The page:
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Public holidays in the Netherlands


Public holidays in the Netherlands

The Netherlands has several main holidays. The holidays in the Netherlands are:

Date English name Dutch name Notes
January 1 New Year's Day Nieuwjaarsdag The day before is called "Old Year's Day" and not "New Year's Eve."
March/April Easter Eerste Paasdag en Tweede Paasdag The Dutch have two days of Easter (Easter Sunday and the subsequent Monday).
April 27 King's Day Koningsdag Celebration of the birthday of King Willem-Alexander. (If April 27 falls on a Sunday, King's day is celebrated on the 26th.)
May 5 Liberation Day Bevrijdingsdag Celebration of the 1945 capitulation of German forces in World War II. A national holiday once every five years.
40 days after Easter Ascension Day Hemelvaartsdag National holiday. The subsequent Friday is a day off for most people.
7 weeks after Easter Pentecost Pinksteren The Dutch have two days of Pentecost (Whitsunday and the subsequent Monday).
December 5 Saint Nicholas' Eve Pakjesavond, Sinterklaasavond Not a national holiday The Dutch version of Santa Claus, Sinterklaas gives presents to children. While Saint Nicholas's name day is on December 6, in the Netherlands usually only Saint Nicholas' Eve, on December 5, is celebrated.[1]
December 25, December 26 Christmas Kerstmis The Dutch have two days of Christmas: Eerste Kerstdag (Christmas Day) and Tweede Kerstdag (Boxing Day).

Good Friday (the Friday before Easter) is not a National Holiday. However, most (semi-)governmental organizations, banks, and insurers honour this day with a day off work. If time off is given on this day, it is usually a mandatory day off work, subtracted from workers' holidays, whereas other national holidays do not count towards paid holiday allowance.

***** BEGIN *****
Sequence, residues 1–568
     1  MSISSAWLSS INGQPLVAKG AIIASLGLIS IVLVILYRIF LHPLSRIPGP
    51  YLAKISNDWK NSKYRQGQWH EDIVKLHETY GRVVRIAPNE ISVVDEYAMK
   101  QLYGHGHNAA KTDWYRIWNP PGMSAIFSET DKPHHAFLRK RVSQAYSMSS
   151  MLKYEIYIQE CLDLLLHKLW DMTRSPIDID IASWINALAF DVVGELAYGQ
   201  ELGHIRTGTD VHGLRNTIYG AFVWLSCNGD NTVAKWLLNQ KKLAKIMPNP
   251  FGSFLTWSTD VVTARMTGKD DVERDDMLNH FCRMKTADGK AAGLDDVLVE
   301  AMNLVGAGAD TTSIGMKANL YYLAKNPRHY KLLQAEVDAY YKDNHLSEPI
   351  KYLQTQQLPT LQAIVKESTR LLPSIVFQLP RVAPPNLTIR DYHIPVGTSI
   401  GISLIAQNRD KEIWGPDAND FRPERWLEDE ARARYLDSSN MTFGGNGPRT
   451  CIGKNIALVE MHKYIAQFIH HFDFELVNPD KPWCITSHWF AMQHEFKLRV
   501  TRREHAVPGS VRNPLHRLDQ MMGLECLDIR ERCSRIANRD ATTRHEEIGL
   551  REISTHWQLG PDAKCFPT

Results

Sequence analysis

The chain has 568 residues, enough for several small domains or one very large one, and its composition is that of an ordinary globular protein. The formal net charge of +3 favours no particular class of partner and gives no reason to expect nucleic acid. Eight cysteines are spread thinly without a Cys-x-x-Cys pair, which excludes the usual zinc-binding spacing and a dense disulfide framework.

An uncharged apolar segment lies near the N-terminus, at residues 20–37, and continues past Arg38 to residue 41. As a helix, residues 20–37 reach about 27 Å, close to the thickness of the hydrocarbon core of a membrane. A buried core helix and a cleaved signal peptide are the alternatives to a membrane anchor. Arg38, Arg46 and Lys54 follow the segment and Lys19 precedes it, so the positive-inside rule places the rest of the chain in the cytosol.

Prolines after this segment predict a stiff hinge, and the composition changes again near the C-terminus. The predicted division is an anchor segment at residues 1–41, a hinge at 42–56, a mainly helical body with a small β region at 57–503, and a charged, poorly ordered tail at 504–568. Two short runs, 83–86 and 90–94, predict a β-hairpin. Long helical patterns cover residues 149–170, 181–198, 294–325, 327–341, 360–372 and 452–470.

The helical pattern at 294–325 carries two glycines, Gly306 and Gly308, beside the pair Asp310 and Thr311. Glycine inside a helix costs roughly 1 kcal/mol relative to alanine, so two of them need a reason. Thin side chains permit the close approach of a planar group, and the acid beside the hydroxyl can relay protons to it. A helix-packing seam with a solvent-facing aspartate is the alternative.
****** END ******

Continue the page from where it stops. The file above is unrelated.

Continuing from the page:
The government also recognizes the period between Christmas and New Year as "equivalent" to holidays for the purpose of filings/payments to or by the government; if a term ends on such a day, the term is extended. If either First or Second Christmas Day falls on a weekend (i.e., Saturday or Sunday), there is no additional weekday given in exchange. That is, in years where First Christmas Day is a Saturday, there are no national Christmas holidays at all.

Also in the south of the Netherlands carnival is celebrated. Though not an official holiday, many people in the south take the week off to celebrate.

Recently, there has been some debate over whether or not the Islamic holiday of Eid ul-Fitr (Suikerfeest in Dutch) should be a national holiday. This was met by opposition from political parties such as the PVV and SGP, although many others had no problems with it. For now, Eid ul-Fitr is not an official national holiday, but it usually justifies a day off for Islamic employees. Those opposed to this proposition say that there are enough national holidays as it is.[2]

See also


  1. ^ Europe Phrasebook (3rd ed.) Lonely Planet Publications. ISBN 1741799732. p 90.
  2. ^

External links

  1. Rijksoverheid (Dutch government)
  2. Calendar - Holiday Files
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